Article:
When the pandemic hit we were all forced to go inside. Having just moved to the United States after a four year hiatus, I found this to be such a profound movement. It forced people who seemed so terribly disconnected from self and other to go inside, physically AND emotionally; spiritually. That time caused an uprooting for a lot of us. Old wounds and traumas began to bubble to the surface. Our own personal pain and wounding began to rise slowly to the surface to be witnessed and deconstructed, maybe even healed. In that awakening we began to feel into this deep well of ancestral trauma that lives in each of us. As this trauma began to rise collectively we were given moments on a screen to bear witness to our own internal make up and choose our response. We watched our ancestral wounds play out right before our eyes and then each of us took to our own corners of action, inaction, or somewhere in between.

This morning I stepped outside of my door and the smell of sewage water was so overwhelming I immediately came inside because I couldn’t breathe. Being outside consistently feels unsafe these days. I then decided to step on my mat for the first time in weeks. I was somehow directed to a practice that was hyper focused on various breathing techniques. It was a struggle. To breathe so deeply into my pain and stay there. To breathe into the grief that has overtaken me in the last weeks. But I continued breathing and moving and trusting that it would come again and I might find some peace of myself that is still in there. Most of what I felt was deep grief. A personal and profound grief of my own coupled with the collective grief that has been building for lifetimes.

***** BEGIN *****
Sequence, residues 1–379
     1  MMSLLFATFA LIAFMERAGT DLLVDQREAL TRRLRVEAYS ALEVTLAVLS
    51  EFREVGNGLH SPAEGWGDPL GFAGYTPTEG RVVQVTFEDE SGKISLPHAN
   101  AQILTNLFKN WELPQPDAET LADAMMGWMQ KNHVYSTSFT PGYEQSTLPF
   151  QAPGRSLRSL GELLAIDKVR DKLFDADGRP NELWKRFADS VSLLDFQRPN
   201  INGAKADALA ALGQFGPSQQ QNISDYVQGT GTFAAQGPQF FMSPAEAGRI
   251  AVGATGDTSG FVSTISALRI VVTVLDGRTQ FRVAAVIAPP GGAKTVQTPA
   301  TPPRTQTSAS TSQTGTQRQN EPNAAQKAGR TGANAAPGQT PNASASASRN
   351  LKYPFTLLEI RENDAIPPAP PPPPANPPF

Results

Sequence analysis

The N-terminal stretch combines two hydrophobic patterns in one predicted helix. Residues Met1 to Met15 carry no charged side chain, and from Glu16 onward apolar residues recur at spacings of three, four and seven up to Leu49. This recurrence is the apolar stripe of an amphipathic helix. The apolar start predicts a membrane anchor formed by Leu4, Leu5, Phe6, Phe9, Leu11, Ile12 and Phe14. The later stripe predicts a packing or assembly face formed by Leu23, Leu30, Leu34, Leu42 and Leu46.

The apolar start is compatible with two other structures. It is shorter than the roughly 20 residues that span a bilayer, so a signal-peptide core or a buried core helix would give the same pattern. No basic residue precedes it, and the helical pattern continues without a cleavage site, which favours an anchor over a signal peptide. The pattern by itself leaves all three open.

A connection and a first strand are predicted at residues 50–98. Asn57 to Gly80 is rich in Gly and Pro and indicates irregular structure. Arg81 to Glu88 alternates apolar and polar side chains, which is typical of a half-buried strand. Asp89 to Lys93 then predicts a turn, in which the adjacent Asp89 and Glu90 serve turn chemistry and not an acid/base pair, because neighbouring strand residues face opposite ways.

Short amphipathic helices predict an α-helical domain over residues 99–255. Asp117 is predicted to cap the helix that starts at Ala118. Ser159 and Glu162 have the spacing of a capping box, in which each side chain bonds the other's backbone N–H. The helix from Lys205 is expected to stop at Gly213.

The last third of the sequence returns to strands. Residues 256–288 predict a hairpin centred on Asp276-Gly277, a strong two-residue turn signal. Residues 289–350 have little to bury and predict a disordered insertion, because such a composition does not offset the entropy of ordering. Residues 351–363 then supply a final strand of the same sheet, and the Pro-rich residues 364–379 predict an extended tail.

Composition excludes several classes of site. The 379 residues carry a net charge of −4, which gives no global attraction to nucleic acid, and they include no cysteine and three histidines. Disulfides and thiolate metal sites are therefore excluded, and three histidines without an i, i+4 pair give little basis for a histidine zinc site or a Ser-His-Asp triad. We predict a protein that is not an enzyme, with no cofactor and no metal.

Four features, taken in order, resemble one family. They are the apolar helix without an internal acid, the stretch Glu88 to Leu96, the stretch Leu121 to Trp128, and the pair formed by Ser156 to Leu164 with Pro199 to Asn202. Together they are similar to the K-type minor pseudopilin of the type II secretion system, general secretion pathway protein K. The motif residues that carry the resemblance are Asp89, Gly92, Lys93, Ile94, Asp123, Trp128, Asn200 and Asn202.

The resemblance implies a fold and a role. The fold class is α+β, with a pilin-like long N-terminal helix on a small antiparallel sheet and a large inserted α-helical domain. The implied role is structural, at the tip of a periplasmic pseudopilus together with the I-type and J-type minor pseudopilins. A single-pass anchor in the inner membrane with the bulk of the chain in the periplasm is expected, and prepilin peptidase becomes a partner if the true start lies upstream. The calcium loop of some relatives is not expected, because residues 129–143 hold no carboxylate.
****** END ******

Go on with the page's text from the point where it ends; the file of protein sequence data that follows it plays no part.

In Chinese Medicine an imbalance in the lungs is associated with the emotions of sadness and grief. Equally, when the energy is flowing clearly and freely along these channels, there is a sense of openness, new ideas, and good communication. I can’t help but think about the power of the breath and how it has been altered and manipulated in order to catalyze more grief, more sadness, more pain. We watched the forests burn at the hands of man and we wept. We watched loved ones become sick and die and we wept. We watched George Floyd have the breath drained from his body, and we wept. I watched my dog struggle for breath and I wept. The collective traumas have slowly been pulled to the surface over and over again and we have not been able to breathe, to expand the lungs in such a way to find a consistent flow of energy, until now. Now there seems to be a collective inhale and exhale that is gaining momentum. Now we are allowing the grief to move through us without looking away and it is catalyzing something so profound that a deep awakening is happening.